|Publication number||US4410501 A|
|Application number||US 06/393,379|
|Publication date||Oct 18, 1983|
|Filing date||Jun 29, 1982|
|Priority date||Dec 21, 1979|
|Also published as||CA1155830A1, DE3047798A1, DE3047798C2|
|Publication number||06393379, 393379, US 4410501 A, US 4410501A, US-A-4410501, US4410501 A, US4410501A|
|Inventors||Bruno Notari, Giovanni Perego, Marco Taramasso|
|Original Assignee||Snamprogetti S.P.A.|
|Export Citation||BiBTeX, EndNote, RefMan|
|Patent Citations (7), Referenced by (261), Classifications (33), Legal Events (3) |
|External Links: USPTO, USPTO Assignment, Espacenet|
Preparation of porous crystalline synthetic material comprised of silicon and titanium oxides
US 4410501 A
This invention relates to a porous crystalline synthetic material constituted by silicon and titanium oxides, a method for synthesizing said material, and the use thereof as a catalyst.
Said material is given the name titanium silicalite or TS-1, and corresponds to the following formula:
where x lies between 0.0005 and 0.04, preferably between 0.01 and 0.025.
The material is prepared starting from a mixture constituted by a source of silicon oxide and a source of titanium oxide. The reaction takes place in the aqueous phase at a temperature of 130 the solid product obtained is calcined in air at 550
The TS-1 can be used for alkylation of toluene with methanol, or benzene with ethylene or ethanol, disproportioning of toluene to produce paraxylol, for cracking, hydrocracking, isomerization of n-paraffins and naphthenes, reforming, isomerization of substituted polyalkyl aromatics, disproportioning of aromatics, conversion of dimethylether and/or methanol or other alcohols to hydrocarbons, polymerization of compounds containing olefine or acetylene bonds, conversion of aliphatic carbonyl compounds into at least partly aromatic hydrocarbons, separation of ethyl benzene from other C.sub.8 aromatic hydrocarbons, hydrogenation and dehydrogenation of hydrocarbons, methanation, oxidation, dehydration of aliphatic compounds containing oxygen, and conversion of olefines into compounds of high octane number.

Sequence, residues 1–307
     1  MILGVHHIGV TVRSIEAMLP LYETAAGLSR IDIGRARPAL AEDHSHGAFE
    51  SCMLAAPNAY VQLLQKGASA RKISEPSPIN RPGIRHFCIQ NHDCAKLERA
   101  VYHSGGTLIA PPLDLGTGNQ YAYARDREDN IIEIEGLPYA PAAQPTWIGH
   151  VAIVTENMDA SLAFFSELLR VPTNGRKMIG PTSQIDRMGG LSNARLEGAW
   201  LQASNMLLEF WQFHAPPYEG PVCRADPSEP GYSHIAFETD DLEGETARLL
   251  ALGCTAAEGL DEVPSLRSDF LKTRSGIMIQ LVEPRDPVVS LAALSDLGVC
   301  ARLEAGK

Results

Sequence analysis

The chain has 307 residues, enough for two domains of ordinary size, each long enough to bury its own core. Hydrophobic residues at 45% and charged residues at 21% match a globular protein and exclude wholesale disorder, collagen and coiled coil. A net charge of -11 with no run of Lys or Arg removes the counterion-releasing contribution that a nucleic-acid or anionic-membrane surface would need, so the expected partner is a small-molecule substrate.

1. The method of preparing a porous, crystalline material comprised of silicon oxide and titanium oxide wherein the ratio of said oxides is represented by the formula
in which x is a number between 0.0005 and 0.04, which comprises the steps of:
(1) preparing an aqueous mixture of starting reagents free from alkali- and alkaline-earth metals including a source of silicon oxide selected from the group consisting of silica gel and tetraalkylorthosilicates, a source of titanium oxide consisting of a hydrolysable titanium compound, and a nitrogenated organic base, and wherein the starting reagents have the following molar ratios: